Contaminated water, the silent killer in this Jharkhand village

  • Subhash Mishra, Hindustan Times, Dhanbad
  • Updated: Mar 04, 2016 18:37 IST
Adhir Sarkhel at his house in Dhanbad’s Gharwad village. (Bijay/HT Photo)

Sandhya Bhattacharya’s prospective in-laws called off the wedding when they saw her smile.

The 27-year-old, who looks about ten years older, has mottled teeth, like hundreds of others in Jharkhand’s Brahmandiha village.

The problem is the water, contaminated with naturally occurring fluoride.

Nearly half the residents have gnarled bones, stooped backs and deformed teeth. Dozens of single men and women like Sandhya have given up hopes of marriage.

“Who would give his daughter to my grandson when he grows older as he is already suffering from dental fluorosis at nine?” said 62-year-old Adhir Sarkel, whose family has been crippled by the condition.

Fluoride is associated with healthy teeth and is even added to drinking water in some countries. But when it accumulates in the body at excessive levels it begins to cake joints and stain teeth.

Panchayat head Murnima Mahto says fluoride has turned groundwater into slow poison even in neighbouring hamlets such as Gharbar, Simpather, Shivpur, Kalajhar and Kalipur. About 6,400 people are afflicted.

“After repeated complaints, the state government’s Public Health Engineering Department (PHED) painted the hand pumps of the village red and wrote on them urging people not to drink the water,” he said. “But they have not made any alternative arrangements.”

Millions of people in rural India drink from pumps that draw water from deep below ground, where it often absorbs hazardous levels of the chemical from fluoride-bearing rocks.

“Please do not discuss our problem when you cannot solve it,” said Brahmandiha resident Anil Bhattacharya. “News reports on fluoride-contaminated water have only added to our problems. We are facing social ostracism.”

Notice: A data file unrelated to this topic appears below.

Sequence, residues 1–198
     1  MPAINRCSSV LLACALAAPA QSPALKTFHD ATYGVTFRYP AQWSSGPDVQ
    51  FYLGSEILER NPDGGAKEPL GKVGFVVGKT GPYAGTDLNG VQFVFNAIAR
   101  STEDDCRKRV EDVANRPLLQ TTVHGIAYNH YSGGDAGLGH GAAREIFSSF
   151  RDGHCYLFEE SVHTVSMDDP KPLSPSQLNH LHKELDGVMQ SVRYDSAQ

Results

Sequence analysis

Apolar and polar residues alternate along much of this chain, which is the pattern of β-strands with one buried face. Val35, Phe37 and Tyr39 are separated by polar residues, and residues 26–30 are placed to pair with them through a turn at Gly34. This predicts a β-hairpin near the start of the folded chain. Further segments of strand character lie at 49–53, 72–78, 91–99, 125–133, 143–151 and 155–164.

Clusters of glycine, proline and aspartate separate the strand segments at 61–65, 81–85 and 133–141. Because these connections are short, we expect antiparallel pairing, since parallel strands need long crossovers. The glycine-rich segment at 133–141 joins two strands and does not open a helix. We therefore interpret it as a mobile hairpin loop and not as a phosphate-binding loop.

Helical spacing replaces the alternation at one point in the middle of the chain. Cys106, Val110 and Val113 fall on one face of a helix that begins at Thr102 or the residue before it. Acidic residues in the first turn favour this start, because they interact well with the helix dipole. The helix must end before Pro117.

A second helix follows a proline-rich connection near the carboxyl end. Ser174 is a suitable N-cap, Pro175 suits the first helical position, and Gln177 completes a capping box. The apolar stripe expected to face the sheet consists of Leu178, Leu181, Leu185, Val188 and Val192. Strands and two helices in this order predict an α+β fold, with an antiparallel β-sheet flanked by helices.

The World Health Organization says water with fluoride beyond 1.5 part per million (ppm) is not fit for human consumption. Though the chemical affects people of all age groups, children up to the age of 12 are more prone to it as their body tissues are in formative stages.

Hundreds suffering from fluorosis held a demonstration before the administration’s district headquarters last year. Not much changed.

“The civil surgeon sent doctors to the village who gave us painkillers, but my illness has not gone away,” said Adhir Sarkel’s wife Anisha.

The state nodal officer for the National Programme for Prevention and Control of Fluorosis (NPPCF) said the residents haven’t qualified to receive help under the initiative.

“As per central government guidelines, only districts with at least 5% of the population suffering because of fluoride water can be included in the NPPCF,” Dr Lalit Ranjan Pathak said on the phone from Delhi. “In Dhanbad, only one area is affected.”

The PHED though has swung into action after local MLA Fulchand Mandal raised the issue in the state assembly. “Piped drinking water will be supplied to the village soon,” said an official. “Tenders have been issued for the project.”

Department junior engineer Anil Sinha said he sent samples of water for testing to the Ranchi headquarters three months ago. He is still waiting for the results.

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